Case Studies

Recycled Roads to Zero Waste – Business Case 2014

Description: A high percentage of waste starts with households and Councils collect it. Quarry resources are finite and running out in many areas. This presentation contains the business case for the project.

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Approved for use in the City of Casey: Alex Fraser Size 20mm Class 2

Description: Letters from participating councils, confirming their position on the use of recycled materials.

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A business case for councils to use local recycled materials as a supplement in pavement construction

Description: The business case for councils to use local recycled materials as a supplement in pavement construction presents the competitiveness of local recycled materials as a supplement to traditional quarry materials based on the dimensions of quality, price and availability. Recommendations for councils to procure local recycled materials for pavement construction are also provided.

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Anderson Creek Road Recycled Glass Pathway Project

Testimonial from: Manningham City Council

case_study_anderson_creek_rd_recycled_glass_pathway_project“Manningham City Council was approached by the MAV to undertake a trial of the use of recycled materials in footpath construction.  The trial involved the use of crushed glass as an additive to Class 2 crushed rock.  This blended mix was used as basecourse for an off road shared bicycle and pedestrian path on Andersons Creek Road in Doncaster East.

Two blends of the material were trialed, being a 15% glass mix and a 30% glass mix with a conventional pavement composition test section also constructed.  The material was purchased directly from the supplier by Manningham City Council.  The material required minimal changes to the standard installation methodology for Class 2 crushed rock footpath basecourse, the main stipulation being that it was only to be handled when wet.  The material was delivered to site at the optimum moisture content and was laid without any issues.  The 30% mix took a greater time to achieve the desired compaction but the difference was marginal.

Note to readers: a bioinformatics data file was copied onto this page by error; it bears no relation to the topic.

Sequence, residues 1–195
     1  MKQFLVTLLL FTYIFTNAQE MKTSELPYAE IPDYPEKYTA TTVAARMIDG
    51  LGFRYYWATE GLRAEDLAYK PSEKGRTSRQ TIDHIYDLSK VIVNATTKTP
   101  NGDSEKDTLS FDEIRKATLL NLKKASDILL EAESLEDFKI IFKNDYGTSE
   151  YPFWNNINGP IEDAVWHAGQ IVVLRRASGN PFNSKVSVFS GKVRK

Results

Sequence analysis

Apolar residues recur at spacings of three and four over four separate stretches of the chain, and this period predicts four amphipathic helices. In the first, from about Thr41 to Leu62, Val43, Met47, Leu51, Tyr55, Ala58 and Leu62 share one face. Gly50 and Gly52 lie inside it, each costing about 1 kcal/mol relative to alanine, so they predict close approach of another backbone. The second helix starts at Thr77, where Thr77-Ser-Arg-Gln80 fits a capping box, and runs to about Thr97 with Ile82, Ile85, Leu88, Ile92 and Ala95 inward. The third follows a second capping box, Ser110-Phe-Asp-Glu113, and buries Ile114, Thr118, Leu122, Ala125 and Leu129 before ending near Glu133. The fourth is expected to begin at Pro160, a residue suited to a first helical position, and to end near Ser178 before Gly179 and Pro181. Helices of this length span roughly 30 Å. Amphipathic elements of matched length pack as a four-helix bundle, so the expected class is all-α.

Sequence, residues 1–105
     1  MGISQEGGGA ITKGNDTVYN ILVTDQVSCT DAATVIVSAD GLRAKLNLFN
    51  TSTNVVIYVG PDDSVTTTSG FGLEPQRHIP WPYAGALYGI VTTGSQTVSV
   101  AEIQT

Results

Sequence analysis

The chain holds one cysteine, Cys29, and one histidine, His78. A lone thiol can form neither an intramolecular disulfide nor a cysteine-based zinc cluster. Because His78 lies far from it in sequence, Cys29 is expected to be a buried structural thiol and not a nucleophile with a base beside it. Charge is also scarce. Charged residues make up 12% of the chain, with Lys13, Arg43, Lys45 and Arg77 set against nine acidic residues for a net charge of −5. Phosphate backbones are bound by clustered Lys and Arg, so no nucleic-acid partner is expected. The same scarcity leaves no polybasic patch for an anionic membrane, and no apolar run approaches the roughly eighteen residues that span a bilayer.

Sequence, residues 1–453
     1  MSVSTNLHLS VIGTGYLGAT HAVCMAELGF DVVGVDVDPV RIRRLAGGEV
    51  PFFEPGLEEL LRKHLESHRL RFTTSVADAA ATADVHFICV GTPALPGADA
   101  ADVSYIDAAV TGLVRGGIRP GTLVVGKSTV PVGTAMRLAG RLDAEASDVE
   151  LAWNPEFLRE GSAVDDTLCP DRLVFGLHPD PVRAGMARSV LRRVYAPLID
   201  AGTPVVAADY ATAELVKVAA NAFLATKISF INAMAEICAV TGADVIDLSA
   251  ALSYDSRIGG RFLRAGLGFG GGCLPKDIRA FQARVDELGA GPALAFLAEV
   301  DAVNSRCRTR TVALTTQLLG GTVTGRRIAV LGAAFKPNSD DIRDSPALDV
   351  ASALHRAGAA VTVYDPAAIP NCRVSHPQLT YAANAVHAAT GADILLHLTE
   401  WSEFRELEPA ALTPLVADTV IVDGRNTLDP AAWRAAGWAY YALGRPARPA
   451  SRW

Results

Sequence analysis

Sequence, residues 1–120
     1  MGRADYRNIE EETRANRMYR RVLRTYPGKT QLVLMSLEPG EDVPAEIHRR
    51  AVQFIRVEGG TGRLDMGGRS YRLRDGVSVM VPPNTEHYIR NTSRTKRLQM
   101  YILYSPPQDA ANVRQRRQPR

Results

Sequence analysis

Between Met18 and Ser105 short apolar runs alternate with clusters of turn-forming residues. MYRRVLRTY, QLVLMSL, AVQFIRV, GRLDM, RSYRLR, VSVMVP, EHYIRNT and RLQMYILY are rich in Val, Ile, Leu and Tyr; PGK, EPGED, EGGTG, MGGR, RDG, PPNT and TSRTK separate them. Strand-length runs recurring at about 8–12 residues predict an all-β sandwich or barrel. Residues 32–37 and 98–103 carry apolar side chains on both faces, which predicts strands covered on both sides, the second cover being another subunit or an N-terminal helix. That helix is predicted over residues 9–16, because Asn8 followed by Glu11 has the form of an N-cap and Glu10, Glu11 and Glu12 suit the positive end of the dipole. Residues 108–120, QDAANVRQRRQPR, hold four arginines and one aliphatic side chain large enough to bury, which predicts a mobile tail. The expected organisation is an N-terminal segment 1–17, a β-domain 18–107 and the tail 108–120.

Compaction test results indicated that the specification requirements for the basecourse crushed rock were met.  The compacted material bonded well with the asphalt surface.  The works were undertaken approximately 12 months ago and the test sections of footpath continue to perform well.  The use of crushed glass in the basecourse has been deemed to be a success and Council intends to amend it’s footpath construction specifications to permit use of this material for future footpath works.”  Paul Best, Engineering Operations, Manningham Council.

Field Trials of Recycled Crushed Glass in Footpaths and Shared Paths Report

Description: Recycled crushed concrete, brick and glass are commonly obtained from household recycling, construction and demolition (C&D) activities. Currently in Victoria, approximately 1.4 million tonnes of crushed brick and 250,000 tonnes of glass are stockpiled annually in Victoria and these stockpiles are growing. The reuse of the recycled C&D waste materials such as crushed brick and glass would greatly reduce the demand for landfill sites and for high quality quarry materials by re-using what would be normally regarded as a waste material.

Author: Swinburne University of Technology (SUT), Dr Binh Vuong & Dr Arul Arulrajah

Date: August 2010

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Life Cycle Assessment of the Use of Solid Waste Materials in Highway Construction

Description: Sustainable consumption and production, leading to increased resource efficiency, is now high on the political agenda. Recycling and reuse of materials is now far more commonplace, not least in resource intensive activities such as the construction of infrastructure including highways. A vast range of secondary and recycled materials now commonly replace virgin aggregates; including both those which originate from deconstructed highways and other demolition projects, to those which arise in other waste streams quite unrelated to highways. The range of materials incorporated includes recycled asphalt planings, recycled concrete, ashes, slags, foundry sand, glass, plastic and rubber.

Feasibility studies concerning the potential for the use of these materials are plentiful and some studies exist which have considered the environmental credentials of such practices. There are still opportunities available to improve the sustainability of such systems, especially where there are several different options available for recycling a given waste material. This particular study summarises work conducted to date and investigates the environmental performance of recycling systems which use glass to replace aggregate in bitumen bound surface layers, comparing it to other recycling options for glass including closed-loop recycling to new containers.

By: M Wayman, B Cordell & E Houghton

Date: July 2009

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